Some scholars read the legend as the record of a change from mother right to father rule, claiming that the heavenly Arianrhod was a matriarchal moon Goddess whose particular place in heaven was in the constellation called Corona Borealis. The argument has much in its favor, particularly the archetypal relation of Arianrhod to Her sister moon Goddesses on the continent, who like Artemis lived in orgiastic maidenhood surrounded entirely by women. Other scholars, unconvinced that the Celts were matriarchal at any time, see Arianrhod simply as an epic heroine” (Monaghan, p. 53).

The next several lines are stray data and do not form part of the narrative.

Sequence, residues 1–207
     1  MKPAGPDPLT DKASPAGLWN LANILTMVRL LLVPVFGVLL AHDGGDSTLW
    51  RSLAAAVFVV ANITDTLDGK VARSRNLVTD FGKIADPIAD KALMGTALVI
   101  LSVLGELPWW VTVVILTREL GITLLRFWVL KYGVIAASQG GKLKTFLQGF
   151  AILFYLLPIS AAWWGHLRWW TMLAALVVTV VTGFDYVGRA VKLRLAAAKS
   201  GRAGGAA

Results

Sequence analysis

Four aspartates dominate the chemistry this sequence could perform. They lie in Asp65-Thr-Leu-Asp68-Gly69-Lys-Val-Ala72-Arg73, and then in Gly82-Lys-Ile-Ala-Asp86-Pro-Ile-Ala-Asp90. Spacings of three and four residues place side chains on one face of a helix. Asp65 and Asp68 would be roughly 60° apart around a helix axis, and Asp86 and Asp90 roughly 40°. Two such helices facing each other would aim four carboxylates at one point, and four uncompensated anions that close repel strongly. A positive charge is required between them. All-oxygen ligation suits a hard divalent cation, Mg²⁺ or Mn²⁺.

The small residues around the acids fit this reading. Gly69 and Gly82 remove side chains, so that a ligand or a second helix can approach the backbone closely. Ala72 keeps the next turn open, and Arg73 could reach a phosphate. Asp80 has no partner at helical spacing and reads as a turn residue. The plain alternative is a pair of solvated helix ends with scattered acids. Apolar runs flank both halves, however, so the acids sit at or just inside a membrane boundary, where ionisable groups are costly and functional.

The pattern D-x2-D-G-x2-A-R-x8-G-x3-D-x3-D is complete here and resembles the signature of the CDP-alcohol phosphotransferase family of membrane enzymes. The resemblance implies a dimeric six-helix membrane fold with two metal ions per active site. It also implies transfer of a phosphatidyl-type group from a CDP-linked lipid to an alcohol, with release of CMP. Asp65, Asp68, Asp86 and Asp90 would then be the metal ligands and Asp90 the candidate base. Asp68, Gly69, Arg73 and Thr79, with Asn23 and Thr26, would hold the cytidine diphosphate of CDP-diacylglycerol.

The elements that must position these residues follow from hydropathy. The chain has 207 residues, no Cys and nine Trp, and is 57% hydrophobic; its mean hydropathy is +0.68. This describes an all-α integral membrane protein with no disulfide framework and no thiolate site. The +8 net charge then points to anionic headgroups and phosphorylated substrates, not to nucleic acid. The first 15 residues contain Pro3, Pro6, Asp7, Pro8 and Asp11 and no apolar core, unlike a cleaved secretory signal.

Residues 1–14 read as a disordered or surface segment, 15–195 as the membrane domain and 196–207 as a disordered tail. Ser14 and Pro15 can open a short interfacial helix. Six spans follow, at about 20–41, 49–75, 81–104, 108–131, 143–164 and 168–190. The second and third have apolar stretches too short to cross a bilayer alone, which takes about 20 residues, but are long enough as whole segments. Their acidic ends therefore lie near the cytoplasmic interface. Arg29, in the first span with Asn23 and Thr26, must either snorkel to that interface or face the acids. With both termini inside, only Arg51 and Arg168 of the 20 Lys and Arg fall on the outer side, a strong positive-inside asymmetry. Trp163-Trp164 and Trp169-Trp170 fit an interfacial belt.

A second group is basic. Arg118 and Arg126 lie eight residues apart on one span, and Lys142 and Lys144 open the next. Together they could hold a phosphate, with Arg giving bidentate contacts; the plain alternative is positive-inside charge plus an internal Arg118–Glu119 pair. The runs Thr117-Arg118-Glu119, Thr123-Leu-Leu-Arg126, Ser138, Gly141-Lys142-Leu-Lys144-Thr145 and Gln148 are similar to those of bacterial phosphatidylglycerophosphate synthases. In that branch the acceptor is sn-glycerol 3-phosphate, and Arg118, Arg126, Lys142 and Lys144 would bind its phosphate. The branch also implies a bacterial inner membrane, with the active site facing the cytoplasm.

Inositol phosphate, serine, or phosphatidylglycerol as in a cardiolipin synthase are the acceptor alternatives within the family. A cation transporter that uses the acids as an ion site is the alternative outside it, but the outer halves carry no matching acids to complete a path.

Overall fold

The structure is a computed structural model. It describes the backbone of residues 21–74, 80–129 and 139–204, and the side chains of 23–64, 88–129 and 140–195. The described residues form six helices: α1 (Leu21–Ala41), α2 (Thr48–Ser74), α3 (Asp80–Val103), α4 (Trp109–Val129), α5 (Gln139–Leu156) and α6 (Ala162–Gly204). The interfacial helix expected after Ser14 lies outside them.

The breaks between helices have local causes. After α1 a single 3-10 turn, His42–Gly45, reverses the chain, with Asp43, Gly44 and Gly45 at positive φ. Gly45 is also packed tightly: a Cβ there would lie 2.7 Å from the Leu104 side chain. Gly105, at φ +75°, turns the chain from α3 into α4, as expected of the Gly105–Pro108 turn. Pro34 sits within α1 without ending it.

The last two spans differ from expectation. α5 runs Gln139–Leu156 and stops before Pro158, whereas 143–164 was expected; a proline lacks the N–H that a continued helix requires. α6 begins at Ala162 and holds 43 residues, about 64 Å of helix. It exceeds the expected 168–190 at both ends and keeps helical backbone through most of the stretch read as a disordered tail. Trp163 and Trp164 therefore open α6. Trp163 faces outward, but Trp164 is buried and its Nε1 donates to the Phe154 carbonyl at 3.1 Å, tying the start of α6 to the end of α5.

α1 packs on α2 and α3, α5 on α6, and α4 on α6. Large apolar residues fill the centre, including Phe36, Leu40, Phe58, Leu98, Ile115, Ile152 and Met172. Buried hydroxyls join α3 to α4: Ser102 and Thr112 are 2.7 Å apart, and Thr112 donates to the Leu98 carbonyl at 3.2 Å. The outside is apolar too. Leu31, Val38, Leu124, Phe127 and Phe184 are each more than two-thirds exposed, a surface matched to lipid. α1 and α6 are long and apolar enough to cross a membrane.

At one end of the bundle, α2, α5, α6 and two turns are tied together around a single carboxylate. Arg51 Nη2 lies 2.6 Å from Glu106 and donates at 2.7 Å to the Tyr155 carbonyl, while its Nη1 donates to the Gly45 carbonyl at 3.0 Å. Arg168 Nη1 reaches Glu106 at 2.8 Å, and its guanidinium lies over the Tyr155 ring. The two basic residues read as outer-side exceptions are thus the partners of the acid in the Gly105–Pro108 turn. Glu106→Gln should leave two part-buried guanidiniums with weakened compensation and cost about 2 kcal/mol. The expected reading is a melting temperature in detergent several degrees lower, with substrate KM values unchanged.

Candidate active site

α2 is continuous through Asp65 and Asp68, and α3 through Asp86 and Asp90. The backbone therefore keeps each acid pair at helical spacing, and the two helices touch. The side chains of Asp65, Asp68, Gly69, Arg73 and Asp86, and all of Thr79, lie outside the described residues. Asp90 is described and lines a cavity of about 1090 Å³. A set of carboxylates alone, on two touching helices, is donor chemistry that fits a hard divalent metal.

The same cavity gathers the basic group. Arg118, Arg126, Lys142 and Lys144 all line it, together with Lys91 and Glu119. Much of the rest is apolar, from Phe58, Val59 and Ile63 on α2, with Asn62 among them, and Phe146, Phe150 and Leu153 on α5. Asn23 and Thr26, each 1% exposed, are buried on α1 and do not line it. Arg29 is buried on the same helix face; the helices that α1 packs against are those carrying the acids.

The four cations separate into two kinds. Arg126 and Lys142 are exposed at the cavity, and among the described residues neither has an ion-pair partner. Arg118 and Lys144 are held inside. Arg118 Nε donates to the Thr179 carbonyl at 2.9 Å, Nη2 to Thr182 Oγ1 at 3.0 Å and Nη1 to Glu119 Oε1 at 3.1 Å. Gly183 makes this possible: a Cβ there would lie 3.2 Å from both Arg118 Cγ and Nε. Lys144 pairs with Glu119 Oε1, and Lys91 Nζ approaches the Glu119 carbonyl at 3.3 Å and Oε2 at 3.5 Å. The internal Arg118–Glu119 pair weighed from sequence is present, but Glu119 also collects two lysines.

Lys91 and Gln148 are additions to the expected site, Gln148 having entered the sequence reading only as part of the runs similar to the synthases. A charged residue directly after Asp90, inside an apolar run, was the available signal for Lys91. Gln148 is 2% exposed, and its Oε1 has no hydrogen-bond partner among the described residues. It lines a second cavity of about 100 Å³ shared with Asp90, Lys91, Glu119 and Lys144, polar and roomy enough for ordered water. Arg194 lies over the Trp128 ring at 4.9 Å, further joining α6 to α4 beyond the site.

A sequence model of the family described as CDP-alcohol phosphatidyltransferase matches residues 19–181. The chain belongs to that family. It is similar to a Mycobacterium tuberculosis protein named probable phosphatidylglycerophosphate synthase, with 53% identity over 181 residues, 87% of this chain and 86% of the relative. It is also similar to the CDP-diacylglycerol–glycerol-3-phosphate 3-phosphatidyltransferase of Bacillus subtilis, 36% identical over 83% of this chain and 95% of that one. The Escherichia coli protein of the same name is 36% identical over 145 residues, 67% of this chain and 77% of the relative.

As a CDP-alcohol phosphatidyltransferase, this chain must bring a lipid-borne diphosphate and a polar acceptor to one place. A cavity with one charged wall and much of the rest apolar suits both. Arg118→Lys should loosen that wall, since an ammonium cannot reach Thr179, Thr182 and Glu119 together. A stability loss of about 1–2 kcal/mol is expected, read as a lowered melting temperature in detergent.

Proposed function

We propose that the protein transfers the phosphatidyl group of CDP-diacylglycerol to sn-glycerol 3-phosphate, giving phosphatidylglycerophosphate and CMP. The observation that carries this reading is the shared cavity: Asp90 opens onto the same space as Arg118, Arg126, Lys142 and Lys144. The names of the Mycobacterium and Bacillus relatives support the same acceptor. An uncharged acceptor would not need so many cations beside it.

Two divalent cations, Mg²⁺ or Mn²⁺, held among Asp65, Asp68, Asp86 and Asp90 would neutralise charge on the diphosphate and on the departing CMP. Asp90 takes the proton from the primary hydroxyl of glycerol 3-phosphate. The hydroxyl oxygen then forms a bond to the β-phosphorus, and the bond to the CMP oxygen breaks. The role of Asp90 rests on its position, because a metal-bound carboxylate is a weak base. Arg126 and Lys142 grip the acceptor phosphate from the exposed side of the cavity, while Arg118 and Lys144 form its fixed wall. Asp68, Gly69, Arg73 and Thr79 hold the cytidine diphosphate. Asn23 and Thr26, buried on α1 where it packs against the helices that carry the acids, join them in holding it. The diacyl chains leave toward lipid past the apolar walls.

Upon reading Her story, my initial reaction was “Damn…that’s pretty cruel and spiteful.” But as Claire Hamilton in her piece entitled “Arianrhod – Bad Mother or Mythic Goddess?” points out, “If Arianrhod really is the great mother of the Sacred King child, then why does She seem so vindictive? What are these so-called curses about? Why does She seem to be denying Her son his rights? And why is She so powerful that Gwydion has to work so hard to outwit Her? In addressing these questions, we should first bear in mind the strong possibility that by the time Her tale was written down by the Welsh monks, they had spotted Her pagan power and decided to deliberately slander Her name.”